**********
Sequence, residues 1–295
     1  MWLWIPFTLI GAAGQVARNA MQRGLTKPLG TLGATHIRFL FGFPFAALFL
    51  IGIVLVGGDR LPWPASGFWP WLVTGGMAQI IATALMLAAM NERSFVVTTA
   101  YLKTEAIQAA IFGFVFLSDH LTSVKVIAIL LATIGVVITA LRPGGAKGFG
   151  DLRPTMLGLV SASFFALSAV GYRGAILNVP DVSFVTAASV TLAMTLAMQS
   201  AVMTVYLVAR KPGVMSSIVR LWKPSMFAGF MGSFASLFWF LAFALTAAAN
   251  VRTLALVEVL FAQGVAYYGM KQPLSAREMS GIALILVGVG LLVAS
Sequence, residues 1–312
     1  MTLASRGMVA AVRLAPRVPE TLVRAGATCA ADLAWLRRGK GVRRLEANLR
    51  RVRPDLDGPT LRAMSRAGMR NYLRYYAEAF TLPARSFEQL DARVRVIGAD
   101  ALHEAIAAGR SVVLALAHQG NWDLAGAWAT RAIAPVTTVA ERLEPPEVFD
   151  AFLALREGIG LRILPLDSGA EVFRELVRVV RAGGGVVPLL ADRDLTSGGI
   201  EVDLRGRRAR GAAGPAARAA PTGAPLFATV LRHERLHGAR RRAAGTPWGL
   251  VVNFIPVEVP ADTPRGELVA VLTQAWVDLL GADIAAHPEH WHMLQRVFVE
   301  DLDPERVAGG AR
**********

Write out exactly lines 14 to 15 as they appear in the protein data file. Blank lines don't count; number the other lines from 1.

   251  VVNFIPVEVP ADTPRGELVA VLTQAWVDLL GADIAAHPEH WHMLQRVFVE
   301  DLDPERVAGG AR